Free Joe Glenton! Jail the warmongers!

Growing disaffection in the armed forces strengthens the anti-war movement.

Proletarian writers

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Proletarian writers

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The invasion and occupation of Afghanistan, now into its ninth year and irrevocably spread into Pakistan, is a war that cannot be won by imperialism.

In their bones, the warmongers all know this, as can easily be deduced from any number of wavering and contradictory statements emanating from the top brass on both sides of the Atlantic. But sooner than accept the humiliating truth, they continue to heap war crime upon war crime – whilst declaring war on their own soldiers when they dare to speak out.

The gloom only deepens when McChrystal promises that the new troops would be kept “out of harm’s way”, concentrating instead on training up Afghan mercenaries to do the dirty work themselves. In the wake of the killing of five US and British instructors by a police trainee, it is being openly admitted that demoralisation and infiltration are rife in the training schools.

The Telegraph recently reported that “British officers say that among low-ranking Afghan police, and particularly in more rural areas away from central control, there is widespread corruption and disloyalty,” and quoted a former army officer as affirming, “It is absolutely right to say that the Afghan police are infiltrated by the Taliban at every level, from the very lowest to the very highest.” (‘Afghan National Police penetrated by Taliban at “every level”’, 4 November 2009)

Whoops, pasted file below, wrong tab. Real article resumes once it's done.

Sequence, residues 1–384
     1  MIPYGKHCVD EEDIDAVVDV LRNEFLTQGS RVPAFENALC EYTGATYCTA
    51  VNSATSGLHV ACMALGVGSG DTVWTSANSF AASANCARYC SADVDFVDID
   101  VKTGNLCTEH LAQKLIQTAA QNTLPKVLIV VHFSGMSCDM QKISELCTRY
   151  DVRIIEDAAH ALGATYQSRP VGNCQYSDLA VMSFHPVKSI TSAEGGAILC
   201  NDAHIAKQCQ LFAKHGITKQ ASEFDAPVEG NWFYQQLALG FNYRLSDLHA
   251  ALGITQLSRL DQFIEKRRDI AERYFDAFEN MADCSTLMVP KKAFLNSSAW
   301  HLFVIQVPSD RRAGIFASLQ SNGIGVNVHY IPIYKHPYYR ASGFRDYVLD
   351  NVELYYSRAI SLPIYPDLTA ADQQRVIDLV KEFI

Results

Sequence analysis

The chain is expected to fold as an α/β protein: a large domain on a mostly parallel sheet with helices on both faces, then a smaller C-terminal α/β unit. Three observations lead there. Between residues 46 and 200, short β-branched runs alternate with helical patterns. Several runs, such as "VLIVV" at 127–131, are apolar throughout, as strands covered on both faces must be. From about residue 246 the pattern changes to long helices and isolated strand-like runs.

General Dannatt blamed his failure to crush the Afghan resistance upon lack of helicopters and protective clothing. Yet the truth is that, however many helicopters and bullet-proof vests are provided, a close-quarters ground war that matches a demoralised imperialist army against well-motivated patriotic forces resisting occupation is never going to end well for the forces of national oppression.

And Dannatt’s incoming successor, General Richards, unconsciously offered the most defeatist appraisal of all of the warmongers’ hopes of success, confiding to the Times: “I believe that the UK will be committed to Afghanistan in some manner — development, governance, security sector reform — for the next 30 to 40 years.” (8 August 2009)

All this gloom from both sides of the Atlantic is of little comfort to Obama as he sits in seclusion with his pocket calculator, counting the bodies coming back from Afghanistan and calculating how many more to send to a war zone that has become a graveyard for imperialist armies and is now expanding into Pakistan.

The question is no longer how to win the war, but how to extricate imperialism from the morass with minimum political embarrassment. Soldiers in the US and British armies are now being expected to lay down their lives, no longer to secure some sort of ‘victory’, but simply to save face for the capitalist ruling class – the same class whose crisis of overproduction is currently robbing the livelihoods of workers back at home.

Under these circumstances, the growing prominence of military families within the broad front of the anti-war movement takes on an ever greater significance, carrying echoes of the role played by Vietnam war veterans in the US peace movement of the 1970s.